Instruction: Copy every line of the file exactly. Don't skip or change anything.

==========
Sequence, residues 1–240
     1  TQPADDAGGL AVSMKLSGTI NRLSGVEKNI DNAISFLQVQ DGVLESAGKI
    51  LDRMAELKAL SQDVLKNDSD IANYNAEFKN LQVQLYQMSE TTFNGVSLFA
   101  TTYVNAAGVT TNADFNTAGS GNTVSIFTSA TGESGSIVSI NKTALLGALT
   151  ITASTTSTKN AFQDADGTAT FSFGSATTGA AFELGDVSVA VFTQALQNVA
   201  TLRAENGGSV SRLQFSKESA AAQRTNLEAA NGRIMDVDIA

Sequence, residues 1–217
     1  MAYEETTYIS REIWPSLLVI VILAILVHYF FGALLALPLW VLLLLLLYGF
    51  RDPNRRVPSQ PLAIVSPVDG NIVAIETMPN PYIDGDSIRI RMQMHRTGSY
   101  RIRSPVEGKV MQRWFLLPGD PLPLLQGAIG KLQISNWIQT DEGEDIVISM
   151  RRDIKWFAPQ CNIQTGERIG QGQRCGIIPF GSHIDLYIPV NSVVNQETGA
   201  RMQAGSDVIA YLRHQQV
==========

Sequence, residues 1–240
     1  TQPADDAGGL AVSMKLSGTI NRLSGVEKNI DNAISFLQVQ DGVLESAGKI
    51  LDRMAELKAL SQDVLKNDSD IANYNAEFKN LQVQLYQMSE TTFNGVSLFA
   101  TTYVNAAGVT TNADFNTAGS GNTVSIFTSA TGESGSIVSI NKTALLGALT
   151  ITASTTSTKN AFQDADGTAT FSFGSATTGA AFELGDVSVA VFTQALQNVA
   201  TLRAENGGSV SRLQFSKESA AAQRTNLEAA NGRIMDVDIA

Sequence, residues 1–217
     1  MAYEETTYIS REIWPSLLVI VILAILVHYF FGALLALPLW VLLLLLLYGF
    51  RDPNRRVPSQ PLAIVSPVDG NIVAIETMPN PYIDGDSIRI RMQMHRTGSY
   101  RIRSPVEGKV MQRWFLLPGD PLPLLQGAIG KLQISNWIQT DEGEDIVISM
   151  RRDIKWFAPQ CNIQTGERIG QGQRCGIIPF GSHIDLYIPV NSVVNQETGA
   201  RMQAGSDVIA YLRHQQV